Because of these differences between AdWords’ and Analytics’ RLSAs, we are able to create even more targeted remarketing lists for our online retailer based on a series of conditions laid out in Analytics. For example, we are able to create a remarketing list that targets users who completed one or more transactions on the athletic wear page and generated more than $100 in revenue. We might want to do this to capture additional sales in the future from these customers. That’s just one example. The possibilities are basically endless with Analytics.

Bing Remarketing
In October 2014, Bing Ads launched Universal Event Tracking (UET) for advertisers. This paves the way for Bing Remarketing, which is currently available to some advertisers (including E-Power!) and will continue to roll out to all advertisers throughout the year. Bing now has 20% market share in the U.S., making it a valuable platform for advertisers. With their recent partnership announcement with AOL beginning in 2016, Bing continues to grow and offer advertisers opportunities to showcase products and services. Advertisers using Bing Ads are able to reach a large amount of search engine users who may not have been exposed to their brand in Google’s Search Network.

UET works by placing a tracking code on your website. This sends data back to Bing Ads whenever a user visits a page with code on it, and if a conversion is made, that is recorded in Bing Ads. We can track data for when a user visits a page, how long they stayed on a page for, how many pages a user visited during their session, and when a goal is achieved. These are just a few of the many ways we can collect data about users and their behaviors.

Having the ability to track activity on your website lays the groundwork for remarketing opportunities. For our online retailer, Bing’s remarketing capabilities will allow us remarket to users who spent more than five minutes on the athletic wear page and didn’t make a purchase. Another option is to target users who made an athletic purchase six months ago. We might do this to encourage additional purchases. There are an incredible amount of options to target to users. It will depend on your business goals and objectives.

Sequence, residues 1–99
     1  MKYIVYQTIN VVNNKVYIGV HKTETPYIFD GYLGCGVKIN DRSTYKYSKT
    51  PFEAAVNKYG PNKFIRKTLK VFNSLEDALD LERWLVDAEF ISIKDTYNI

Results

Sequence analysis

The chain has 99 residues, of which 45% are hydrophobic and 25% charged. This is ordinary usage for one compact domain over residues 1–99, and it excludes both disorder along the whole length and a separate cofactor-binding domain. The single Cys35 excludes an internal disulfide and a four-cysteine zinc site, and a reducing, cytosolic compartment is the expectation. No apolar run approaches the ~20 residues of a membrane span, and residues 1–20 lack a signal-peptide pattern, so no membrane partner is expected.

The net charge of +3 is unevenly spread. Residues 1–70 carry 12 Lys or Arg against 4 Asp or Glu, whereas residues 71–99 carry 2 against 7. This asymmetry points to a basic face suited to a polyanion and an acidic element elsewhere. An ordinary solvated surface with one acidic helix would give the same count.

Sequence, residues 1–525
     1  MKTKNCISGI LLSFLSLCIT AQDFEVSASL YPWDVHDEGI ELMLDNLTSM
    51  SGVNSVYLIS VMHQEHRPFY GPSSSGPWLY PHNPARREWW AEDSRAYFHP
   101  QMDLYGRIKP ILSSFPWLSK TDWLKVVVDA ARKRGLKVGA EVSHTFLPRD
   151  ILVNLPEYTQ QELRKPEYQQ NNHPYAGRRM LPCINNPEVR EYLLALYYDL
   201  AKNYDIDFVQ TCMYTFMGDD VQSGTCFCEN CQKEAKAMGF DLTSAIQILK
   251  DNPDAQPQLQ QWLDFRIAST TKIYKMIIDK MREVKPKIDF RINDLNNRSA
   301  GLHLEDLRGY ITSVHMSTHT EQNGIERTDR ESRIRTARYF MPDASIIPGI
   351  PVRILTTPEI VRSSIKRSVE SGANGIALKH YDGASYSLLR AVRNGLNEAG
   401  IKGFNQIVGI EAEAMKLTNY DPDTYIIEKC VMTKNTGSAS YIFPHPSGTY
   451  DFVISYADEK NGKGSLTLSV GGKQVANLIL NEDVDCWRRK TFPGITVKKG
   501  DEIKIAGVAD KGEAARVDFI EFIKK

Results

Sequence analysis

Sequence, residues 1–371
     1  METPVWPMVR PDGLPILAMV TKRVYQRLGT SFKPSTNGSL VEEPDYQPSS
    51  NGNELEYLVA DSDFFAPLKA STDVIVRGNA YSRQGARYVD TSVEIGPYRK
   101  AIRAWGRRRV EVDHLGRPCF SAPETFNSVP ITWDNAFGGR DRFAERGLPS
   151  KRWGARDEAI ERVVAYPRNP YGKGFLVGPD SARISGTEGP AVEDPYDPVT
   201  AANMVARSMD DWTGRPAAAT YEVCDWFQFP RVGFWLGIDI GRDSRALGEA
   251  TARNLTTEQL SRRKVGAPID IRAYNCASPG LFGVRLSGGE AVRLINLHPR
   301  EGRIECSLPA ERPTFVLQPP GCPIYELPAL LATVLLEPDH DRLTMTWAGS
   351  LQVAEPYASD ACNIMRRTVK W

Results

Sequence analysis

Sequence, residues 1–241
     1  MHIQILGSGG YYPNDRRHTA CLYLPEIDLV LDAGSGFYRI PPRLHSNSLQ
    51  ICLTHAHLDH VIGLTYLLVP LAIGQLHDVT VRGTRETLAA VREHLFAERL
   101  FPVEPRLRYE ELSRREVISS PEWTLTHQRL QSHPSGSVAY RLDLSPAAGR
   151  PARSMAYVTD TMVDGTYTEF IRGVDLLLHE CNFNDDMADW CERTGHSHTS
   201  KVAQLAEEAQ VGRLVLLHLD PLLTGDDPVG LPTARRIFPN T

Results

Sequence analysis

As you can see, remarketing for search is a useful tool for us to capture users who have already shown interest in your products and services and remarket to them as they continue to search on the platforms you are using to advertise. This can be especially helpful in capturing potential customers who are on multiple devices. A potential customer looking to buy athletic clothing might do research during her morning commute on her smart phone. Later that week, she might do some more research on her tablet from home. This is where a remarketing ad could come into play, which could assist in converting this customer. Capturing the attention of potential customers is important at all steps in the buying process, including these micro-moments where they are looking for quick snippets of information. Then later you are more likely to close the sale with a remarketing for search ad targeted to that user.

E-Power Marketing successfully runs remarketing for search campaigns for several of our clients already. Give us a call and we can discuss how to get started with one for your business. Make sure to keep an eye out for our next remarketing tools post about remarketing for display, which poses some creative options for us to remarket to your website’s visitors.

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Author Bio:
Hannah Jean - Online Advertising Specialist
I focus on Online Advertising and Account Management, helping clients grow their online brand and meet their business goals through targeted, productive Online Advertising programs. I graduated from the University of Wisconsin-Whitewater with a Bachelor of Business Administration in Marketing. I have a professional background in sales, event planning and Social Media, and I put my education and experience to work for all of E-Power's clients. Connect with me on LinkedIn!